The Replacements: Biggest shoes to fill in the Big East

Posted by ESPN.com's Brian Bennett
Spring is a time for renewal, and in college football, replacing.

It's sometimes jarring to go to a team's first spring practice and see new players wearing the familiar numbers of past legends. But the constant influx of new names and faces is part of what makes the sport great.

Several teams in the Big East face some major retooling projects this spring. Here's a look at the five biggest shoes to fill in the league:

1. Pat White, West Virginia: How do you replace an icon? White may go down as the best player in Mountaineers' history, and his singular talents dictated an entire offensive philosophy. At least Jarrett Brown has some experience at filling in for White. The senior has started two games in his career when White was hurt and won both, including a 41-39 triple-overtime victory over Rutgers to end the 2006 regular season. Brown isn't as fast as White, but he's big (6-foot-4, 220 pounds), has a strong arm and won't be asked to run as much in a more pass-friendly offense. Brown needs to have a strong spring, or he could face a challenge from hotshot incoming recruit Eugene Smith this fall.

2. LeSean McCoy, Pitt: McCoy scored 21 touchdowns, rushed for 1,403 yards and was a threat to break off a huge run on every play for the Panthers. Now he's gone after two spectacular seasons, and there's no experienced back on the roster. The job is wide open, and this spring will give players like Shariff Harris, Kevin Collier and Chris Burns a chance to show what they can do. Incoming freshmen Dion Lewis and Ray Graham will be given a look this summer, as well. Coach Dave Wannstedt isn't afraid to play a true freshman at tailback if he's ready.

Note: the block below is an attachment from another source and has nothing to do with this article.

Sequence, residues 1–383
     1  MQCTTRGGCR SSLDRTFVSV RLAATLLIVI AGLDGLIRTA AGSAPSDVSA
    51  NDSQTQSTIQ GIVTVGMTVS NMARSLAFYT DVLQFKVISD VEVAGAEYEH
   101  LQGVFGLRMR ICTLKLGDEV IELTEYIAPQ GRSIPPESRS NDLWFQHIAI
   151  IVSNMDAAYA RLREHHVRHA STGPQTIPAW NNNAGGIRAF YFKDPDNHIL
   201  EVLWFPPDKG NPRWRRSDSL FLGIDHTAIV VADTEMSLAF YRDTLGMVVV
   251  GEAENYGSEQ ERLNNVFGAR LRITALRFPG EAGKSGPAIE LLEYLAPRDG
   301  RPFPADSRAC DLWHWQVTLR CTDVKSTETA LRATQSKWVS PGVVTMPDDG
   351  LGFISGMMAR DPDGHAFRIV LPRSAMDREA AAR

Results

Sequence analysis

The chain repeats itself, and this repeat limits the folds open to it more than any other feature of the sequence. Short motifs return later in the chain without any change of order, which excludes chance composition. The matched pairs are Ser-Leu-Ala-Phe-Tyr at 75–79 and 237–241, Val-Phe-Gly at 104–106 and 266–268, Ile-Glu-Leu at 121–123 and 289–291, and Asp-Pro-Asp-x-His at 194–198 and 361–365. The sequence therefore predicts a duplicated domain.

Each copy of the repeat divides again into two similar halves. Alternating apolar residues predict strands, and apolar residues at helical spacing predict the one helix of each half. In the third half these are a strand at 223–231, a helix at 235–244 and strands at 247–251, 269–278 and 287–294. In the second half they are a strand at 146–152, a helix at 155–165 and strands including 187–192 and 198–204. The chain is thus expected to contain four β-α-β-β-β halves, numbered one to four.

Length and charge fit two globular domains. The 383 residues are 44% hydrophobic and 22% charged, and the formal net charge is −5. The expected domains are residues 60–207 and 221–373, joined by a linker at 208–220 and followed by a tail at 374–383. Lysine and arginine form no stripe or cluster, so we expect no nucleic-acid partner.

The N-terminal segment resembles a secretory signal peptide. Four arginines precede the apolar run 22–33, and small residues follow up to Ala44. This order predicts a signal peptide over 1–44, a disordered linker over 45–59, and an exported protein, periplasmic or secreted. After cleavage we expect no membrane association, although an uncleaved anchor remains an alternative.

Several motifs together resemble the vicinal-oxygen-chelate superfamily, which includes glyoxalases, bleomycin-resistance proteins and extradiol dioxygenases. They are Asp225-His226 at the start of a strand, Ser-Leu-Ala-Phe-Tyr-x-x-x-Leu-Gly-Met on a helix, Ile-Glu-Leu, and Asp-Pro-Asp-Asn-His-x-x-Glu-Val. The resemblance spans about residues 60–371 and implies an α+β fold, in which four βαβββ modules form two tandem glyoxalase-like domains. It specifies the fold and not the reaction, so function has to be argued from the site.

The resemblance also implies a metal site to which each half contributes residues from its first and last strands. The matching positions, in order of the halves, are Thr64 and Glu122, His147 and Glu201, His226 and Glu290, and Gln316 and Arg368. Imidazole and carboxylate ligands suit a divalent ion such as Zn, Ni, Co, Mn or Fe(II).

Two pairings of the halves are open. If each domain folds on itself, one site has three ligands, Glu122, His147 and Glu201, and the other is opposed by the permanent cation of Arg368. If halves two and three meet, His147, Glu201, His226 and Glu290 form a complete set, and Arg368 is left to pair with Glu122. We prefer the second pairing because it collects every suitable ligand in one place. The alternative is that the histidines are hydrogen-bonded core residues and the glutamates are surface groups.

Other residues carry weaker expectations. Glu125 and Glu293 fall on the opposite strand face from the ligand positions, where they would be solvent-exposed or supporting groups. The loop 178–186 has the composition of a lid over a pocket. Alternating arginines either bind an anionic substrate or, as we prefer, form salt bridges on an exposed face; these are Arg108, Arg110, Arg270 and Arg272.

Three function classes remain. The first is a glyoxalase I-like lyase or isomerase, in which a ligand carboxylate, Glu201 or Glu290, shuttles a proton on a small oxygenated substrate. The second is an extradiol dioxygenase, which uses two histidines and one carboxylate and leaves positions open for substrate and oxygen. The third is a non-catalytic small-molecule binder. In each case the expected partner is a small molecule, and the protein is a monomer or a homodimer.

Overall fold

3. Donald Brown, UConn: Brown not only led the nation in rushing in 2008, he basically was the entire Huskies offense by the end of the year. It's highly unlikely that one replacement will be able to match his 2,000-plus rushing yards. But Connecticut does have some options in the backfield. Jordan Todman, a smaller, shiftier runner than Brown, showed real promise as a freshman by averaging nearly six yards per carry and scoring three touchdowns. Senior Andre Dixon actually led the team in rushing as a sophomore but was curiously absent most of '08, even before his late-season DUI arrest. He'll be a factor if he's meeting the necessary off-the-field requirements. UConn will likely spread the ball around more in its new offensive scheme this year.

4. Mike Teel, Rutgers: Kenny Britt also leaves a big void at receiver for Rutgers, but the Scarlet Knights will find some playmakers. What they need most is a quarterback who can direct the offense and be a leader on and off the field, as Teel was. Teel had his problems at times, but he was also a three-year starter who threw for more than 6,500 yards and 45 touchdowns in his final two seasons. This is another competition that will be fun to watch in the spring and again in the summer. Senior Dom Natale and freshman D.C. Jefferson will get the bulk of the reps in the spring and try to get a leg up. When fall camp opens, all eyes will turn to celebrated recruit Tom Savage, and senior Jabu Lovelace will be back from a leg injury.

5. Scott McKillop, Pittsburgh: McKillop led the Big East in tackles his final two seasons and was the league's defensive player of the year in 2008. His ability to always be in the right place formed the backbone of Pitt's defense. Now someone else will have to man the crucially important middle linebacker spot. Senior Steve Dell, who served as McKillop's understudy last season, and sophomore Max Gruder will get first crack at winning the job. If they're not up to the task, Wannstedt may look to incoming freshman Dan Mason to fill McKillop's shoes.